Howard Morphy is a leading authority on Aboriginal art and the director of the Centre for Cross-Cultural Research at The Australian National University. In his article, Seeing Aboriginal Art in the Gallery, he explores a number of issues that I have been writing and thinking about. Here is one idea excerpt:

The theory of a universal aesthetic is intertwined with a theory of viewing that opposes the art gallery to the museum. In this theory works of art should be allowed to speak for themselves. Thus they need their own space for contemplation, and though their meaning and impact will be affected by their relationship to adjacent works, and to the hang as a whole, it is desirable that the act of viewing should take place in space as uncluttered as possible by supplementary information. While the density of hangs varies, as does the amount of information provided, these broad principles apply in art galleries around the world. Museums, on the other hand, are often defined in opposition to art galleries as places where objects are contextualised by information, by accompanying interpretative materials, by dioramas, and by being seen in association with other objects. I think that it is desirable to distinguish the Western concept of ‘seeing things’ as art from the presumption of a universalistic aesthetic and indeed to separate ‘seeing things’ as isolated or decontextualised objects from ‘seeing things’ as art.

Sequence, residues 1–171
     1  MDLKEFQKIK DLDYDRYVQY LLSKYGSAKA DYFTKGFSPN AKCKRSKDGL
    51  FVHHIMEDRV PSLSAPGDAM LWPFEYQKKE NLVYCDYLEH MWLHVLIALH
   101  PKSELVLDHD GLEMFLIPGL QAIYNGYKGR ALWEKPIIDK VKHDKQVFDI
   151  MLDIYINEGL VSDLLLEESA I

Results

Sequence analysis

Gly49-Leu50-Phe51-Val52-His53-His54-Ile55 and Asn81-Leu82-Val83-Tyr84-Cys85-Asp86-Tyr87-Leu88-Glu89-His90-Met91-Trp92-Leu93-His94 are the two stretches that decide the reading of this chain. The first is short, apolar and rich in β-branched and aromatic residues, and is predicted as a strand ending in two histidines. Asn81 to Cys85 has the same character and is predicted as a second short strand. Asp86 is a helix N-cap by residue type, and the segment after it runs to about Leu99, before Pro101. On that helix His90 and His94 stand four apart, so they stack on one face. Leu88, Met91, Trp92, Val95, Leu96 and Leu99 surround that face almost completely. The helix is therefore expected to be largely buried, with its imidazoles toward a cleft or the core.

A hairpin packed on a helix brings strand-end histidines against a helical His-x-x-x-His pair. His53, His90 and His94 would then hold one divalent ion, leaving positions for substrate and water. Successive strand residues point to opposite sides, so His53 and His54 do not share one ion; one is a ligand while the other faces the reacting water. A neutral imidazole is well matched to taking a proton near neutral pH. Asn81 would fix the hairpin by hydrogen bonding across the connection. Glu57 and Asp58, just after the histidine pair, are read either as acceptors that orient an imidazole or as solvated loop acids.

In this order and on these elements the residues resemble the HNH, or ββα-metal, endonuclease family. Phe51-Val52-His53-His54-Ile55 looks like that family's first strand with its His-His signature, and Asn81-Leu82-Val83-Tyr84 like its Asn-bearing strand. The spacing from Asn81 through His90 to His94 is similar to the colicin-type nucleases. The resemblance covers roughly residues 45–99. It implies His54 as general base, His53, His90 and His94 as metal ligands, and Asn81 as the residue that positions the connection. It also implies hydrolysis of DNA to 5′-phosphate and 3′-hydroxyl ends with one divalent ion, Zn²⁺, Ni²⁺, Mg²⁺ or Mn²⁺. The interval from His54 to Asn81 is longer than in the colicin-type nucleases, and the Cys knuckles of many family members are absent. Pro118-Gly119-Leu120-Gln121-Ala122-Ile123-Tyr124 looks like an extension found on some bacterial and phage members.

Aboriginal art installation at Victoria Museum in Melbourne